From Missouri

Baetje Farms Miette: The farm was recently sold but Veronica Baetje expects to remain on as cheesemaker, producing the beauties that she originated, like the mixed-milk Miette. Approximately 30 percent sheep’s milk, with goat’s milk making up the rest, the petite bloomy-rind Miette leaves the creamery at about two weeks. Over the next few weeks, it becomes much softer, developing a fragrance of porcini mushroom and the flavor of cheesecake.

Green Dirt Farm Fresh Sheep Cheese: Nothing this creamery makes disappoints. Try the washed-rind sheep’s-milk Bossa and the aged Aux Arcs, a tomme from mixed sheep’s and cow’s milk. But the little tubs of fresh, spreadable, lemony sheep cheese fill a niche at the cheese counter and have impressive shelf life, says C. J. Bienert of the Cheese Shop of Des Moines. “Everyone needs to start eating more of it,” says Bienert. “It’s so fluffy and delicious.” Cross-merchandise with dark bread and smoked salmon.

From Nebraska

Dutch Girl Creamery Rosa Maria: These four-pound farmstead goat wheels are drained in colander-shaped molds, like English Berkswell, and matured for a minimum of four months. The colander produces an eye-catching studded pattern on the natural rind, and the aging yields Garrotxa-type flavor. Cheesemaker Cheruth Van Beuzekom has spent time working with Mary Holbrook, a highly regarded British goat cheese producer. With the aged Rosa Maria, she is helping fill a niche that American goat-cheese makers have largely ignored.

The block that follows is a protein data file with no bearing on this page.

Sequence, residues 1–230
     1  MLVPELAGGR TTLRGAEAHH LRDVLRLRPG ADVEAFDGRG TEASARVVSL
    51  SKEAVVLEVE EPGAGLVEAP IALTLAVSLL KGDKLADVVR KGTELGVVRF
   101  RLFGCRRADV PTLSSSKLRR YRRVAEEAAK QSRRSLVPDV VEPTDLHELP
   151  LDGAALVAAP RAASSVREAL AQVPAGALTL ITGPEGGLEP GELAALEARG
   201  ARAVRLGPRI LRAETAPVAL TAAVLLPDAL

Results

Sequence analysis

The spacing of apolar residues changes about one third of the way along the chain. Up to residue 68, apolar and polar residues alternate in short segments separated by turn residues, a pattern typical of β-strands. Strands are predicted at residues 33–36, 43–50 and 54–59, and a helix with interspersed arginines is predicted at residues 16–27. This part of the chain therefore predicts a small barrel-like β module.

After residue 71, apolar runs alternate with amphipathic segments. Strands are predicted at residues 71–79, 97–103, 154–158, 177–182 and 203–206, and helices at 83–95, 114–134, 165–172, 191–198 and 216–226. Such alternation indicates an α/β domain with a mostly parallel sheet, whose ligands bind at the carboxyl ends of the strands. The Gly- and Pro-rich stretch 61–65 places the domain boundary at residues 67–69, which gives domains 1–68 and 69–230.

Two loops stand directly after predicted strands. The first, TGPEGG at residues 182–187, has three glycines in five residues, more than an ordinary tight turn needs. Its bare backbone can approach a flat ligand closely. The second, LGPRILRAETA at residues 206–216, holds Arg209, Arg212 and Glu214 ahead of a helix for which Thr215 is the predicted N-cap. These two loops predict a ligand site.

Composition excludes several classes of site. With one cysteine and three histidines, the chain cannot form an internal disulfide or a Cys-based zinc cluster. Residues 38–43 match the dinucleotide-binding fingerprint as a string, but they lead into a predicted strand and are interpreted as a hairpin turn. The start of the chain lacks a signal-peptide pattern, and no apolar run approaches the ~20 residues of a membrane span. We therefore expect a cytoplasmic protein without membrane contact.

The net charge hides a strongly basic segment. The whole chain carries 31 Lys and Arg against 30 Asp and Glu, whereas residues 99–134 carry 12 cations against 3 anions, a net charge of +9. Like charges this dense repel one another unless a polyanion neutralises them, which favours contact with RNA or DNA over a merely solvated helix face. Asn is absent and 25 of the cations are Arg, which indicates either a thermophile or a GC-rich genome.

From Wisconsin

Deer Creek Cheese The Blue Jay: This rindless cow’s-milk blue wheel is scented with juniper berries. Ignore the quintuple-crème claim on the label. Triple crème would be more accurate. In any case, the cheese is luscious and the juniper scent does not overwhelm. 

Hook Triple Play Extra Innings: Tony and Julie Hook developed Triple Play in 2014, then decided to give a few batches of this three-milk cheese (cow, goat, and sheep) some extra age. Made in 40-pound rindless blocks and matured about 15 months, Extra Innings develops a Gouda-like caramel sweetness, a nutty aroma typical of Swiss alpine wheels and some mellow Cheddar character, too. 

Landmark Creamery Anabasque: The two partners behind Landmark specialize in sheep’s milk cheese and the washed-rind Anabasque is their flagship. Modeled after Ossau-Iraty, the aged French Basque tomme, Anabasque smells of caramel and warm butter and has a firm yet creamy texture. 

Roelli Cheese Haus Select Cheddar: This new creation from award-winning cheesemaker Chris Roelli is a 20-pound bandage-wrapped Cheddar with a twist. Roelli adds some non-Cheddar cultures to produce nutty, mellow flavors and he tints the interior the color of butterscotch with annatto. “People gravitate to it because of the color,” says Burns, “but then they try it and it’s delicious. It’s a little more fudgy and earthy, not a bitey Cheddar.”


Janet Fletcher writes the email newsletter “Planet Cheese” and is the author of Cheese & Wine and Cheese & Beer.